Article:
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SRM Arms, Inc. (“SRM”) filed suit against GSA Direct, LLC, (“GSA”) and FFL Design, LLC, (“FFL”) (collectively, the “Entity Defendants”), and Anthony Turlington, David Lehman, and Ryan Fitzgerald (collectively the “Individual Defendants”), alleging breach of contract, breach of the covenant of good faith and fair dealing, fraud, aiding and abetting in the commission of fraud, and unjust enrichment. After the jury awarded verdicts for SRM, all Defendants asked the court to modify the judgments or grant a new trial. The district court entered a remittitur for the claims against the Entity Defendants because it found the amount the jury awarded was excessive and not supported by sufficient evidence at trial. On appeal, SRM argued the district court erred in reducing the awarded damages. In their cross-appeal, the Entity Defendants argued the jury improperly found fraud and improperly found FFL liable for GSA’s debts. The Entity Defendants also argued the damages should have been reduced further. Additionally, the district court granted the Individual Defendants’ motion for a new trial on liability and damages because it found the jury instructions were inadequate to distinguish between direct liability and alter-ego liability. On appeal, SRM argues the jury correctly determined direct liability and associated damages. The Idaho Supreme Court affirmed in part, reversed in part and remanded in part. Regarding the Entity Defendants, the Supreme Court reversed and remanded for reconsideration of the remittitur, or in the alternative, a new trial, in light of the Supreme Court's conclusion that a possible alternate basis for the jury’s verdict could exist. The Supreme Court affirmed the district court’s decision upholding the verdict of fraud against GSA and FFL. The district court’s decision to uphold the verdict that FFL is liable to SRM was also affirmed; the Court found the statute of frauds was satisfied and not, as the jury decided, because an exception to the statute of frauds applied. The Court reversed the district court’s decision to uphold the finding of unjust enrichment and remanded for further consideration of whether there was substantial and competent evidence in the record supporting the jury’s award of damages against FFL for both breach of an implied-in-fact contract and unjust enrichment. Regarding the Individual Defendants, the Supreme Court affirmed the district court’s granting of a new trial on liability against the Individual Defendants. The district court’s award of a new trial on damages against the Individual Defendants was also affirmed. View "SRM Arms, Inc. v. GSA Direct, LLC" on Justia Law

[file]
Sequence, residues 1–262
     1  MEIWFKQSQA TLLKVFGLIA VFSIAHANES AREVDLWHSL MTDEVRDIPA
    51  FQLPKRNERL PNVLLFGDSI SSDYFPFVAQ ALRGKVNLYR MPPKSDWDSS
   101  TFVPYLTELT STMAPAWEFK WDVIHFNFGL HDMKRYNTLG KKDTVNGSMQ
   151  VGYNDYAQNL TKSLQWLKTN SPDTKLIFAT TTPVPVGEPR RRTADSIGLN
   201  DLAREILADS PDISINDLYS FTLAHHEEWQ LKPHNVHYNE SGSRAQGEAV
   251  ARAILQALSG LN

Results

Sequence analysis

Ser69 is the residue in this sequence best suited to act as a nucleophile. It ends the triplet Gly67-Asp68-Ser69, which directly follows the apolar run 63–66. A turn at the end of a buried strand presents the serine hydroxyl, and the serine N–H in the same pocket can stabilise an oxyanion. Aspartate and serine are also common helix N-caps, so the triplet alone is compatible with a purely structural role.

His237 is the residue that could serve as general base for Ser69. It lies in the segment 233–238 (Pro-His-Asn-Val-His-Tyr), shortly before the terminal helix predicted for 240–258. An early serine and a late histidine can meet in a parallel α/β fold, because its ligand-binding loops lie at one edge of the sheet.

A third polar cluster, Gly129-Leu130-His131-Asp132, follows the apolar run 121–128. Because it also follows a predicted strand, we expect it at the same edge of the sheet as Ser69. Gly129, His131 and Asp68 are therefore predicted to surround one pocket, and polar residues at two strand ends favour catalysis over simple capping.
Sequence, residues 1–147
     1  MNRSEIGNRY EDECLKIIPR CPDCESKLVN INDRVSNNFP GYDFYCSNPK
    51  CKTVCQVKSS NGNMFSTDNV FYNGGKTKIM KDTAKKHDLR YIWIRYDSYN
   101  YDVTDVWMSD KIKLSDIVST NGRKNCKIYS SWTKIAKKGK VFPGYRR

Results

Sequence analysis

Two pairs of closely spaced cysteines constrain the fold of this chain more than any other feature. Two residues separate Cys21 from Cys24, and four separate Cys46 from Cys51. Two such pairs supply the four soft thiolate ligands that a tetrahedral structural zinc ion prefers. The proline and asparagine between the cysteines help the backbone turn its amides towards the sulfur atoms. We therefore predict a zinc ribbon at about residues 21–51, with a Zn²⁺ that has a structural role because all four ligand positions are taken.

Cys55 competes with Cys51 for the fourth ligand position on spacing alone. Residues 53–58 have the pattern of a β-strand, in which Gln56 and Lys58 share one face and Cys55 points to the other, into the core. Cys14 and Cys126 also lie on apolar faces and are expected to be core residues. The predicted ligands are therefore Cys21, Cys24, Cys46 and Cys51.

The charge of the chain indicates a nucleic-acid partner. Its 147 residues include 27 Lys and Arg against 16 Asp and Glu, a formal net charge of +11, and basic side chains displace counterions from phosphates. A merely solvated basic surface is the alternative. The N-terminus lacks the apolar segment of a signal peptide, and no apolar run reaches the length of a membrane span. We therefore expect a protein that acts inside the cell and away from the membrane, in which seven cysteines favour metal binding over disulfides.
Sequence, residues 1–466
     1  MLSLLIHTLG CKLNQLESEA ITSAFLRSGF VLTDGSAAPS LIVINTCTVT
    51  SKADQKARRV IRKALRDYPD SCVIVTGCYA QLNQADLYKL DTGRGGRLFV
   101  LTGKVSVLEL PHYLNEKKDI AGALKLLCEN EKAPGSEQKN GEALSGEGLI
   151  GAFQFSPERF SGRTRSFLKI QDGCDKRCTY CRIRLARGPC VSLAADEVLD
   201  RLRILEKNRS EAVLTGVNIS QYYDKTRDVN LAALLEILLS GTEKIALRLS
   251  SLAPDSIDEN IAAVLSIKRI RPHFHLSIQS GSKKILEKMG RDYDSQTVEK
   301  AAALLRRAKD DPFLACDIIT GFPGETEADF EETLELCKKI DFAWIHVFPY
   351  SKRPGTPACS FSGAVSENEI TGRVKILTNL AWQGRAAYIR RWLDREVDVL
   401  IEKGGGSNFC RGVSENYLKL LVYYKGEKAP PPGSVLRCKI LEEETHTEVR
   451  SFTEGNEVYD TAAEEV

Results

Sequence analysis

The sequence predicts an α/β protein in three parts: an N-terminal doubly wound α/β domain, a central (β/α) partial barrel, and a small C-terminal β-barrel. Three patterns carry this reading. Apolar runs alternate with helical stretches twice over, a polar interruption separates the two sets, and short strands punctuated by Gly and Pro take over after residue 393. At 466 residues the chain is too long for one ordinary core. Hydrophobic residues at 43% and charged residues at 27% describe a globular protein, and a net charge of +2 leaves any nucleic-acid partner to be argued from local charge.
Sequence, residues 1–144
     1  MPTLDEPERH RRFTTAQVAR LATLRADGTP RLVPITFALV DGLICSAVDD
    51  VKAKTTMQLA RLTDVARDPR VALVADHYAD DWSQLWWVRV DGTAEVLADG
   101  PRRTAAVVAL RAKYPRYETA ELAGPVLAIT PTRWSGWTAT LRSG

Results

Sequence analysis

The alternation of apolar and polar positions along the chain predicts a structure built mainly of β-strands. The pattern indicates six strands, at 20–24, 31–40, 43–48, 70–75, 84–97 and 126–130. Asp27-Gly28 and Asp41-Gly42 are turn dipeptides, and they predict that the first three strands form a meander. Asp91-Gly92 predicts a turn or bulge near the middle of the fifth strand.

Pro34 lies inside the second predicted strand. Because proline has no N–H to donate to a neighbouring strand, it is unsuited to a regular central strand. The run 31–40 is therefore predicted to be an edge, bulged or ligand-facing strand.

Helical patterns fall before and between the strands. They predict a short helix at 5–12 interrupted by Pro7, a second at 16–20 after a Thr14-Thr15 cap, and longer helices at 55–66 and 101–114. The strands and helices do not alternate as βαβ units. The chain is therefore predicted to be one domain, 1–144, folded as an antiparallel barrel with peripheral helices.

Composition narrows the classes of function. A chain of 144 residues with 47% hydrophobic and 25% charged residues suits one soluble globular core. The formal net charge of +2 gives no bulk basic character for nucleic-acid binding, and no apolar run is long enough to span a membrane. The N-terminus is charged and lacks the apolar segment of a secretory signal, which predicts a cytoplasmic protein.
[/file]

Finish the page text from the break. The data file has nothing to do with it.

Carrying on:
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Craig Stark entered into a contract with McCarthy Corporation to construct a storage facility for recreational vehicles and boats. The relationship turned sour after McCarthy sent Stark an invoice for work Stark believed he had already paid for in full. After the parties were unable to resolve their dispute, Stark terminated McCarthy’s contract. McCarthy then filed a lien against Stark’s property and brought suit for breach of contract and to foreclose its lien. Stark, Stark Investment Group, and U.S. Bank, Stark’s construction lender on the project, counterclaimed for breach of contract, breach of the implied covenant of good faith and fair dealing, fraudulent misrepresentation, slander of title by the recording of an unjust lien, and breach of the Idaho Consumer Protection Act (“ICPA”). After a bench trial, the district court largely agreed with Stark's counterclaims and dismissed McCarthy's complaint. McCarthy appealed the district court’s findings, damages award, and attorney fees award. Finding no reversible error, the Idaho Supreme Court affirmed the district court's holdings that McCarthy breached the contract between the parties and McCarthy violated the ICPA. View "McCarthy Corporation v. Stark Investment Group" on Justia Law